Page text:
-eternal damnation
-the collapse of the American monetary system
-other people thinking a lot about what a terrible people we are
-unexpectedly scandalous behavior on the part of celebrities
-completely forgetting things
-affordable health care*

You might find it easy to agree that none of the above will ever obtain, will ever be, and still think that people, namely you, have to do to things they don’t (you don’t) want to.

This is wrong.

Because you see, there is only one of you–the one that does things. There is not two of you, one that does something, and one that doesn’t want to do it. There is only one. Of you. That does what it wants. Always. Otherwise it would do something else.**

There, you should be happier now.***


It has been brought to my attention that do we not actually in fact experience competing desires that exist, and does this not conflict with, nay, nay, perhaps even be evidence against my little unary claim here?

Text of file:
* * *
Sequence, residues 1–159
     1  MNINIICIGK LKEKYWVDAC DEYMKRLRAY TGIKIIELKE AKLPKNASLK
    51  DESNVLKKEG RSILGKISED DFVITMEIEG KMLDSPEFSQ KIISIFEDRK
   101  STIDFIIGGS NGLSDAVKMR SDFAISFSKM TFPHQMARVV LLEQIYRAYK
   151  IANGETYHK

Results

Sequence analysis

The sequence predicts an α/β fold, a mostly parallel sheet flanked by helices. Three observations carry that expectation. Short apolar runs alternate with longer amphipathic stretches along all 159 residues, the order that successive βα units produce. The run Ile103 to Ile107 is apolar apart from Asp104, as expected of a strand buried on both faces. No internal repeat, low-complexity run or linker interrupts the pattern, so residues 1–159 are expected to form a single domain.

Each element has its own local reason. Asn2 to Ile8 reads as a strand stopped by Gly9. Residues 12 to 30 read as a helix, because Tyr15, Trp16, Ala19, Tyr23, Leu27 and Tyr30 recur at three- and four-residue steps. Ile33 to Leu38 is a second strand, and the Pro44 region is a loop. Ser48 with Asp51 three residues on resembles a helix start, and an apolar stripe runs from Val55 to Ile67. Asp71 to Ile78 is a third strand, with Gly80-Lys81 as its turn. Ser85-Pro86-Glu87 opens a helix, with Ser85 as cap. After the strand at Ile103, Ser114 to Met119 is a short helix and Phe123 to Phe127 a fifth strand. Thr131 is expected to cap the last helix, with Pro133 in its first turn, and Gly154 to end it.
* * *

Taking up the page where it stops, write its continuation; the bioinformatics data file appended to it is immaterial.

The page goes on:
Yes, and no.

For the thusly advanced student then, I should add that we do sometimes not know what we want yet.

Once I wanted a hash brown, then I didn’t, then I did, then I didn’t, then I made up my mind and drove away from the McDonald’s.

At no point did I want more than one thing at once. Unless you count a breakfast burrito and . . . a hash brown.

Like together, in a bag. Maybe with an orange juice. Or some pancakes. It gets complicated.




*How I wanted to add “the use of the word Thou” to this list. Darn it all.

**And right now it is reading my blog. (This is just a joke. That’s true. True joke. There are those.)

**Maybe you were just upset because you were trying to count to one and failing. I have found that frustrating too. So I practice. One. One. One of stuff. One. Not more than one. Or less than one. Neither of those one, I mean two. One. One obtains. As One. Or 1 sometimes. (Actually neither. Sorry.)


Shoutout to the big TH:  thich nhat hanh nah thich natht hthahnher

How to Like Geese Part 2